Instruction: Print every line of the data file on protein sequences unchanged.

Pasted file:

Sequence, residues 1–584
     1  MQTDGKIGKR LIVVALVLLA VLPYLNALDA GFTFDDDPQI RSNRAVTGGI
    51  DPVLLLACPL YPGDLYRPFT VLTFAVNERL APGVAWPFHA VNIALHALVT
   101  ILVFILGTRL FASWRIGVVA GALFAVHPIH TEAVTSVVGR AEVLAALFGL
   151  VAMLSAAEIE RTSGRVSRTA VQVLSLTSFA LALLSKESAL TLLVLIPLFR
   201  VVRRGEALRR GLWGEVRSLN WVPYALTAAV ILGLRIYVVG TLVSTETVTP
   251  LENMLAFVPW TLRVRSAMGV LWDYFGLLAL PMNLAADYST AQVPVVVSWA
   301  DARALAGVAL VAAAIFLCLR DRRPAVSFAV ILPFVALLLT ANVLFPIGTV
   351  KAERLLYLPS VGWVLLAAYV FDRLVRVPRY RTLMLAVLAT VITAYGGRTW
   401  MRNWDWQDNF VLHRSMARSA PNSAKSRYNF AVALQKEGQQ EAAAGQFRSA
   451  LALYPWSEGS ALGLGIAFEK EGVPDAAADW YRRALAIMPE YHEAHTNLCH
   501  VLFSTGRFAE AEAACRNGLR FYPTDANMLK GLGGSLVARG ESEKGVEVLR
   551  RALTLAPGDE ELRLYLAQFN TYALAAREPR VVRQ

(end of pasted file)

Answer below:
Sequence, residues 1–584
     1  MQTDGKIGKR LIVVALVLLA VLPYLNALDA GFTFDDDPQI RSNRAVTGGI
    51  DPVLLLACPL YPGDLYRPFT VLTFAVNERL APGVAWPFHA VNIALHALVT
   101  ILVFILGTRL FASWRIGVVA GALFAVHPIH TEAVTSVVGR AEVLAALFGL
   151  VAMLSAAEIE RTSGRVSRTA VQVLSLTSFA LALLSKESAL TLLVLIPLFR
   201  VVRRGEALRR GLWGEVRSLN WVPYALTAAV ILGLRIYVVG TLVSTETVTP
   251  LENMLAFVPW TLRVRSAMGV LWDYFGLLAL PMNLAADYST AQVPVVVSWA
   301  DARALAGVAL VAAAIFLCLR DRRPAVSFAV ILPFVALLLT ANVLFPIGTV
   351  KAERLLYLPS VGWVLLAAYV FDRLVRVPRY RTLMLAVLAT VITAYGGRTW
   401  MRNWDWQDNF VLHRSMARSA PNSAKSRYNF AVALQKEGQQ EAAAGQFRSA
   451  LALYPWSEGS ALGLGIAFEK EGVPDAAADW YRRALAIMPE YHEAHTNLCH
   501  VLFSTGRFAE AEAACRNGLR FYPTDANMLK GLGGSLVARG ESEKGVEVLR
   551  RALTLAPGDE ELRLYLAQFN TYALAAREPR VVRQ